Wednesday, January 6, 2010

Trade Wars Between States?

Free trade exists between all the states and it is one of the infrequently discussed benefits of the United States. The individual states do not impose special tariffs on goods from the other states and we all use the same currency in the US.

Minnesota wants to impose a carbon tax on goods made in North Dakota that use coal produced electricity. The goal of reducing coal plant emissions is admirable. It benefits the health of its citizens and reduces carbon dioxide emissions. If the Minnesota precedent catches on, free trade will cease to exist in the US to the detriment of the entire country's residents. Read "Minnesota levies world's first carbon tariff...against North Dakota"

Fortunately, the US constitution protects interstate commerce among the states. The constitution also prevents states from imposing tariffs on imports or exports.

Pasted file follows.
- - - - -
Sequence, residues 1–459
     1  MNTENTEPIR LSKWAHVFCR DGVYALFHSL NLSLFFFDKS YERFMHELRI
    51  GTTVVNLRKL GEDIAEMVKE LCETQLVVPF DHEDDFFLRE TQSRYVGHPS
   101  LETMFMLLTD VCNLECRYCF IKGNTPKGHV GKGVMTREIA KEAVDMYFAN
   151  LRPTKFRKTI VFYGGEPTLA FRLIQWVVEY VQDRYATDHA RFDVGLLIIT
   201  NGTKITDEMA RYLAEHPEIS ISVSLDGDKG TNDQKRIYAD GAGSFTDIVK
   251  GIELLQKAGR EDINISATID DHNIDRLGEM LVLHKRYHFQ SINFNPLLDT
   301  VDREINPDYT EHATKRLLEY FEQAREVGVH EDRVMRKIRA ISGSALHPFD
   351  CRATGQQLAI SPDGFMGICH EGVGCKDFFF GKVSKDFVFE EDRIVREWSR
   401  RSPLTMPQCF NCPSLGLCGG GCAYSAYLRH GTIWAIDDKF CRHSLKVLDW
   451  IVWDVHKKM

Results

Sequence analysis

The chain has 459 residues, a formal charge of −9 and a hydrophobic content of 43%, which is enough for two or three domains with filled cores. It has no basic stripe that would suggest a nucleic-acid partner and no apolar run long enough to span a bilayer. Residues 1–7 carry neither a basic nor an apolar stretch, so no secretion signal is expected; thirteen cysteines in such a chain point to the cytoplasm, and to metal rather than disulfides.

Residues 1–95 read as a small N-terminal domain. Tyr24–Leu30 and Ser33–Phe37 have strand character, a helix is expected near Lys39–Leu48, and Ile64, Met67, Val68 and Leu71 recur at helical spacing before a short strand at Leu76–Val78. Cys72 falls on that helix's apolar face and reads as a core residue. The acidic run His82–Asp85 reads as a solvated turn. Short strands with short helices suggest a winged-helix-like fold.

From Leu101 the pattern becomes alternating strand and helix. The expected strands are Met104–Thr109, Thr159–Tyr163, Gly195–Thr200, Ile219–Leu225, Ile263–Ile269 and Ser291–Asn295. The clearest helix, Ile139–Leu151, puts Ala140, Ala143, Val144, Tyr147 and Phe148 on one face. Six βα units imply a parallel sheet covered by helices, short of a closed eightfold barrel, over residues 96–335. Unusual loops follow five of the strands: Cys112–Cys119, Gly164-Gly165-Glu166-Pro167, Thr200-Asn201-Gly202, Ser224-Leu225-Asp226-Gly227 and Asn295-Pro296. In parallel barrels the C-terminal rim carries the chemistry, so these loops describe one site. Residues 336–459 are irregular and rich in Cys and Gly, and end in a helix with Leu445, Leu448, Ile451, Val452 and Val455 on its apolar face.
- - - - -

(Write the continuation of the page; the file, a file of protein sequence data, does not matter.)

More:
Unfortunately, once a state imposes some form of tariff on another state's exported goods or services, such as Minnesota's carbon tariff on imported goods, it will be left to the US Supreme Court to decide the legality of the action. Any written decision of the court, even one that overturns the state import tariff, risks defining the legal boundaries of acceptable restrictions on goods imported from the other states.

An interstate carbon tax is a bad model that will result in other states attempting to enforce their own economic, scientific, moral and ethical philosophies on the other states. States could tax non-union labor goods, or goods from states that have right to work laws. States with high unemployment will attempt to find ways to prevent imported goods from lower unemployment states that produce competitive products.

The possibilities of finding and using distinctions between one state and another to set import duties and restrictions are boundless.

Hopefully, the US Supreme Court will eventually stop this type of action without sending any signals of legal ways to do it.

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